Congressional Quarterly, Inc., or CQ, is part of a privately owned publishing company called CQ Roll Call that produces several publications reporting primarily on the United States Congress. CQ was acquired by the Economist Group and combined with Roll Call to form CQ Roll Call in 2009; CQ ceased to exist as a separate entity, and in July 2018, a deal was announced for the company to be acquired by FiscalNote.
Thomas N. Schroth, who had been managing editor of The Brooklyn Eagle, was elected in October 1955 as executive editor and vice president. Schroth built the publication's impartial coverage, with annual revenue growth from $150,000 when he started to $1.8 million. In addition to adding a book division, Schroth added many staff members who achieved future journalistic success, including David S. Broder, Neal R. Peirce, and Elizabeth Drew. He was fired from Congressional Quarterly in 1969 after festering disagreements with Poynter over editorial policy at the publication, and Schroth's efforts to advocate "more imaginative ways of doing things" reached a boil.
In 1965, Poynter summed up his reasons for founding CQ: "The federal government will never set up an adequate agency to check on itself, and a foundation is too timid for that. So it had to be a private enterprise beholden to its clients." Despite its name, CQ was published quarterly for only one year. Demand drove more frequent updates, first weekly, then daily. CQ was also an early leader in delivering information on a real-time basis, starting with a dial-up service in 1984. Its website dominates the online legislative tracking information market and has been nominated for several awards. In recent years, CQ has launched several web-only newsletters with a greater focus on particular areas, including CQ Homeland Security, CQ BudgetTracker, and CQ HealthBeat.
In 2005, CQ's flagship publication, the Weekly Report, was relaunched as CQ Weekly with a wider focus, including "government, commerce, and politics." A daily publication, CQ Today, also is available every day when Congress is in session. CQ Today's main print competition is Atlantic Media's CongressDaily.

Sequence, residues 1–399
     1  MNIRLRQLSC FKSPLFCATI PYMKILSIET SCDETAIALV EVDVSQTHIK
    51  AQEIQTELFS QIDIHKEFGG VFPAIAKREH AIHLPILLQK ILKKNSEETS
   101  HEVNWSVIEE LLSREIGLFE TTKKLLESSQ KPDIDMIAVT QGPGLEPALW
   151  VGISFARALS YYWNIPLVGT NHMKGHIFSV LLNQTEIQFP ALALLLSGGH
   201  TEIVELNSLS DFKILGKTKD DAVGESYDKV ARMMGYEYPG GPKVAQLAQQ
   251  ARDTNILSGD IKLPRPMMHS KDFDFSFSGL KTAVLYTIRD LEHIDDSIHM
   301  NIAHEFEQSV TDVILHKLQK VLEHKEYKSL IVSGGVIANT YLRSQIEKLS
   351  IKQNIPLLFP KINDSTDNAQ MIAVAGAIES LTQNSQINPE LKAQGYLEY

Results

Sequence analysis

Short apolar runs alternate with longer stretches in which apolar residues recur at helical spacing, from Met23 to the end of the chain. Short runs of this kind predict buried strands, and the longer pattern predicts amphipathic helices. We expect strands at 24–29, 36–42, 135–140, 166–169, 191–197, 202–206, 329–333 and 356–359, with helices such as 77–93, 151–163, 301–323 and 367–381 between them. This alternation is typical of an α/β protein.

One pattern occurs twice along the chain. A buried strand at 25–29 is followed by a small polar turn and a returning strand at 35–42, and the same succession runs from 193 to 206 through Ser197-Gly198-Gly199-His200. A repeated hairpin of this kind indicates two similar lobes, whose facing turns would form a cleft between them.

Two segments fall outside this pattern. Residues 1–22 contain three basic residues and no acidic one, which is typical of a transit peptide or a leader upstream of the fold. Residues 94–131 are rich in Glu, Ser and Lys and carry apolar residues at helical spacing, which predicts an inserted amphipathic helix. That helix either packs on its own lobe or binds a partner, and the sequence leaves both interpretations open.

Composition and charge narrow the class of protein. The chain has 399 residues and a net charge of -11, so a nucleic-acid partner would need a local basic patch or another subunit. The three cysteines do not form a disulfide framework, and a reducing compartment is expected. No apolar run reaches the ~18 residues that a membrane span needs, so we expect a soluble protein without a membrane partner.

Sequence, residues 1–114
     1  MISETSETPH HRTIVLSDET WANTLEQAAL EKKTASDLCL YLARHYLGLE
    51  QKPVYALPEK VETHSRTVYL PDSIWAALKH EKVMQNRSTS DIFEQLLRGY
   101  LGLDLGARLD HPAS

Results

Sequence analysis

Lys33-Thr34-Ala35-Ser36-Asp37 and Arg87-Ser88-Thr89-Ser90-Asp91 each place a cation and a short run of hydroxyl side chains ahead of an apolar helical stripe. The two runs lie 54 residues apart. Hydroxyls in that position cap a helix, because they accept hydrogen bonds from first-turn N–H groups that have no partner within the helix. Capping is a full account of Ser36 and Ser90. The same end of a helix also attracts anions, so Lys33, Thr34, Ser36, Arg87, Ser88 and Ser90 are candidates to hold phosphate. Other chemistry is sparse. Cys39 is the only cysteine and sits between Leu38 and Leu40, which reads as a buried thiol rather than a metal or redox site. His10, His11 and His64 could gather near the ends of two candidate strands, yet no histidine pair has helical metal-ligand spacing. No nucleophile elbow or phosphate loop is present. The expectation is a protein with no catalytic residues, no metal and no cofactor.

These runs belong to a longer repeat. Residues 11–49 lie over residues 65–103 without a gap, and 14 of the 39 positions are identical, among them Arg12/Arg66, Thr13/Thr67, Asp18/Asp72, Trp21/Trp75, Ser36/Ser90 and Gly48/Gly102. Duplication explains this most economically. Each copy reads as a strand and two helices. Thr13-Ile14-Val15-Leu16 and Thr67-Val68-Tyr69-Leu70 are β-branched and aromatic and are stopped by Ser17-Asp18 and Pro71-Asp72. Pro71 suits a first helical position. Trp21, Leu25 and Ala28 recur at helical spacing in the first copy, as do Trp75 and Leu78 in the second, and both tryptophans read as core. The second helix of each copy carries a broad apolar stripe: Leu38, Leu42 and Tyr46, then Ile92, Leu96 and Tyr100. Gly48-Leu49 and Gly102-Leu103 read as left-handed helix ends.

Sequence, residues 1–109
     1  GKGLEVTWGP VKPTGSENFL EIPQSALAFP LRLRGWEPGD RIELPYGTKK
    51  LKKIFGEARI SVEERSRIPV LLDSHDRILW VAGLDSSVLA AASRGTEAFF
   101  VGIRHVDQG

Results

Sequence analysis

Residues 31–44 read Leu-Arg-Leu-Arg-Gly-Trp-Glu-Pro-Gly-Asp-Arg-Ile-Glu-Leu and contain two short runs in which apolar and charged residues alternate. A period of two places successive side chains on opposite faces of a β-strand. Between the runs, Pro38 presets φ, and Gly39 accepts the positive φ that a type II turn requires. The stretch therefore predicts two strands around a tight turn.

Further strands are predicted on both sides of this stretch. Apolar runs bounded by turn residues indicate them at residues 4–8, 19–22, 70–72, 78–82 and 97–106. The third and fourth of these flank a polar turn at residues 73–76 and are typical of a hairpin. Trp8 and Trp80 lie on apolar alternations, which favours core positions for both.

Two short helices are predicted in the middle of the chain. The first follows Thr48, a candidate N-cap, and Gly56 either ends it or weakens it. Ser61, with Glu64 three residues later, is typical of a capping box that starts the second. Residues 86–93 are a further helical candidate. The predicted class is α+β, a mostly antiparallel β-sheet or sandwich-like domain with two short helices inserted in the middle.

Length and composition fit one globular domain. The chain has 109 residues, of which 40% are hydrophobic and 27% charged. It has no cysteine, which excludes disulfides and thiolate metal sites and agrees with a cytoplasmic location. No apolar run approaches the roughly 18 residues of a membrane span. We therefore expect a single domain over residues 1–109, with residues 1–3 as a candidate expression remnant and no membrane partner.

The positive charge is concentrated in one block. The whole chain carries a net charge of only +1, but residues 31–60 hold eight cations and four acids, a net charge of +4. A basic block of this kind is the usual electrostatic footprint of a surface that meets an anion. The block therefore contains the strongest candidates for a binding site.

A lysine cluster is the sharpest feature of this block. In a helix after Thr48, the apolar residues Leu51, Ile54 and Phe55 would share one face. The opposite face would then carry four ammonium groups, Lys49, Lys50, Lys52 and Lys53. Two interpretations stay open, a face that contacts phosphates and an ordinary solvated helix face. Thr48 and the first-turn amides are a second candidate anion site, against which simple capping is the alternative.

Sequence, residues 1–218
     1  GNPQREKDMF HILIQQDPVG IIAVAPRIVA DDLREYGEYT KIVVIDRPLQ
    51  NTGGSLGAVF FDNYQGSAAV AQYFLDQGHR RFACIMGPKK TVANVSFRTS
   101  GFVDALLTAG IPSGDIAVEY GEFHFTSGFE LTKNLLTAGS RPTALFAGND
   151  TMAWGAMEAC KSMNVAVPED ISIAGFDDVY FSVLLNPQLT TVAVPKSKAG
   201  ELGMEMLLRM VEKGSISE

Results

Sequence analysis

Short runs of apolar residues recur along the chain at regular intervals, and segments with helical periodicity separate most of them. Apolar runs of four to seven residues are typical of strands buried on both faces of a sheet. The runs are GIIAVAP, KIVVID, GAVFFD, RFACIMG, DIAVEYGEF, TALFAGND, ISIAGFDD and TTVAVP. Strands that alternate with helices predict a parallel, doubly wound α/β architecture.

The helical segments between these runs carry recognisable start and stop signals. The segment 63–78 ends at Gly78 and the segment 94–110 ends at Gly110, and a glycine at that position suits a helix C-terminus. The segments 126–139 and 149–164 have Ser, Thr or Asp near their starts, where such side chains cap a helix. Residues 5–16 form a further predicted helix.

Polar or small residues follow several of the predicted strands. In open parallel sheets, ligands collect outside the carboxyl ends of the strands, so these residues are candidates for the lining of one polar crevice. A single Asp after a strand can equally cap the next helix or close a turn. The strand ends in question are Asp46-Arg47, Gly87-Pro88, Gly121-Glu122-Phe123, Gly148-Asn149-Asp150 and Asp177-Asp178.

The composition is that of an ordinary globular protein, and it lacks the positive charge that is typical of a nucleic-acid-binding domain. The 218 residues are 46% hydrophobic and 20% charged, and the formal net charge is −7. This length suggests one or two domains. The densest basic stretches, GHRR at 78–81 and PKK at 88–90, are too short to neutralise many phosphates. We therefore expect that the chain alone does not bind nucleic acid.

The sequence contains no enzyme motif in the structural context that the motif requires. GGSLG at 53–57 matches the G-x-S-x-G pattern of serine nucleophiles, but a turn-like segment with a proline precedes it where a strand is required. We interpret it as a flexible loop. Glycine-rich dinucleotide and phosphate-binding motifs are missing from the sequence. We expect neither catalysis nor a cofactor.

In May 2008, CQ Press was purchased by SAGE Publications in its entirety. Although it retains the name "CQ Press" (a trademark of Congressional Quarterly), CQ Press is no longer an affiliate of Congressional Quarterly.
Until 2009, CQ was owned by the Times Publishing Company of St. Petersburg, Fla., publisher of the Tampa Bay Times (formerly the St. Petersburg Times) and other publications. The Times Publishing Company is, in turn, owned by the Poynter Institute, a school for journalists founded by Nelson Poynter. The Economist Group acquired CQ; the deal terms were not disclosed.
Ten CQ reporters have won the "Everett McKinley Dirksen Award for Distinguished Reporting of Congress" from the National Press Foundation: Alan Ehrenhalt in 1983, Joan Biskupic in 1991, Janet Hook in 1992, George Hager in 1996, Jackie Koszczuk in 1997, Sue Kirchhoff in 2000, John Cochran in 2003, Jonathan Allen in 2008, Matt Fuller in 2015 and John M. Donnelly in 2018.
- Calderone, Michael (25 July 2018). "Economist Group to sell CQ Roll Call to FiscalNote". Politico. Archived from the original on 25 July 2018.
- Via United Press International. "Schroth Heads Quarterly", The New York Times, October 30, 1955. Accessed August 5, 2009.
- Weber, Bruce. "Thomas N. Schroth, Influential Washington Editor, Is Dead at 88", The New York Times, August 4, 2009. Accessed August 5, 2009.
- "SAGE acquires CQ Press, Book-Publishing Unit of Congressional Quarterly Inc" (PDF). SAGE Publications. May 30, 2008.
- The Guardian, "The Economist Group Buys Congressional Quarterly", July 22, 2009
- "Everett McKinley Dirksen Awards for Distinguished Reporting of Congress, Past Winners 1980-2008". National Press Foundation. Archived from the original on 2009-01-27.